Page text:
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Mauritania's president heads to France for treatment after shooting

President Mohamed Ould Abdel Aziz was elected in 2009, but the CIA refers to his administration as a military junta.

Story highlights

  • France's defense ministry says Mauritania's president will be treated there
  • The president says he is fine, that shooting was an "accident"
  • Witnesses think the incident was an assassination attempt, local media say
  • Troops mistakenly open fire on Mauritania's presidential convoy, state news reports

Mauritania's president was admitted to a French military hospital for treatment Sunday, hours after he took to his country's airwaves to say troops had shot him by accident.

Doctors will treat President Mohamed Ould Abdel Aziz at a military hospital outside Paris, France's Defense Ministry said.

"I want to reassure all citizens of my well-being after the accident committed by an army unit on an unpaved road around Touela. ... Everything is fine," Aziz said in an interview broadcast on official Mauritanian television earlier Sunday.

Troops shot the president late Saturday in what the government is calling a case of "friendly fire" -- though others believe it may have been something more sinister. Aziz's convoy mistakenly came under fire as it was heading back toward the capital of Nouakchott, the official AMI news agency reported. The gunshots came from a military unit stationed alongside the road in the west African country.

French officials did not provide details about the president's treatment or prognosis.

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Aziz said earlier Sunday that he had a successful operation to treat minor injuries.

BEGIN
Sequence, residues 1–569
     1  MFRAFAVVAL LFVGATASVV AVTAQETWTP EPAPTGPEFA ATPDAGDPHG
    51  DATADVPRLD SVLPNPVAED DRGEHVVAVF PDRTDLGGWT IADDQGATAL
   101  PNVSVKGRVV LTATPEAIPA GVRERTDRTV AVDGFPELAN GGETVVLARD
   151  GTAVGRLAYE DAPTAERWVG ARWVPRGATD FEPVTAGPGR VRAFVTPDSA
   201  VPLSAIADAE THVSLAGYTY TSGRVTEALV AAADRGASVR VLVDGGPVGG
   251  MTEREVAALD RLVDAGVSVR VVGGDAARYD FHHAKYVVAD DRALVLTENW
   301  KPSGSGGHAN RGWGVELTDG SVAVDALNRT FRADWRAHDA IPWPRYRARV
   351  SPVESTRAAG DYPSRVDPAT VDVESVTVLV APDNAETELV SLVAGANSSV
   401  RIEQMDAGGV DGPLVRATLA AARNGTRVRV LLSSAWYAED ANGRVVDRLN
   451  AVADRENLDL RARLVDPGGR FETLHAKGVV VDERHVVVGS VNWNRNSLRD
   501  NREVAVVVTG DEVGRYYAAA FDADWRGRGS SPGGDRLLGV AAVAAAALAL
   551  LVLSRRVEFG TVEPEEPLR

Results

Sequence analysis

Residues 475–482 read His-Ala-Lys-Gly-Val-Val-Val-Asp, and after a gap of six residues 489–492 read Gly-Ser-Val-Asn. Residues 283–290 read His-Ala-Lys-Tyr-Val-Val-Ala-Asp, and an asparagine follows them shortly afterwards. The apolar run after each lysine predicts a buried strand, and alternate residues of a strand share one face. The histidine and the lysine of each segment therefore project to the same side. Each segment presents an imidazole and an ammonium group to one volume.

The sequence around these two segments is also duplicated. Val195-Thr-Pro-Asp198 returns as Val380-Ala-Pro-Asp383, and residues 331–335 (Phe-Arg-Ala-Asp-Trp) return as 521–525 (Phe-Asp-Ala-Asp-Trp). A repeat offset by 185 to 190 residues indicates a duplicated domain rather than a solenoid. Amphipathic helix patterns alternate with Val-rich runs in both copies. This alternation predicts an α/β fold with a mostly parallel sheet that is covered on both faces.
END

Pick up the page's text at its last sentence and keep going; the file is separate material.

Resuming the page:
But witnesses said they believe the incident was an assassination attempt, because unknown armed men shot their guns at the president and ran away, according to the independent Mauritania News agency. The witnesses said the armed men "directly" targeted the president as he was returning from his farm in Inchiri province, near the capital, Mauritania News reported.

Mauritania has a history of political instability and faces threats from al Qaeda militants.

A former general, Aziz came to power in a bloodless 2008 military coup -- one of many such coups the country of about 3.4 million people has had since it gained independence from France in 1960. He ousted Sidi Ould Cheikh Abdallahi, who had been the nation's first democratically elected leader, according to the U.S. State Department.

Aziz was elected president in 2009. Still, the CIA describes the country's leadership as a "military junta."

Security in Mauritania has been ratcheted up in recent weeks amid concerns about "armed terrorist groups" in nearby northern Mali, according to Magharebia, a website sponsored by the U.S. Africa Command -- a part of the U.S. military focused on the continent.

The measures include a bolstered security presence on main streets, near embassies and by government buildings in Nouakchott, as well as stepped-up patrols, Magharebia said.

No official reason has been given for the enhanced security, according to the report. But the publication, quoting terrorism experts and local news reports, said it may be related to threats posed by al Qaeda in the Islamic Maghreb.

In May, the U.S. State Department issued a travel warning for Mauritania because of AQIM activities.

"As a result of perceived Western involvement in counterterrorism efforts, AQIM has declared its intention to attack Western targets," the warning said.

The United States engages with Mauritania on a range of issues, including counterterrorism, food security, trade promotion and efforts to strengthen human rights, the State Department said.

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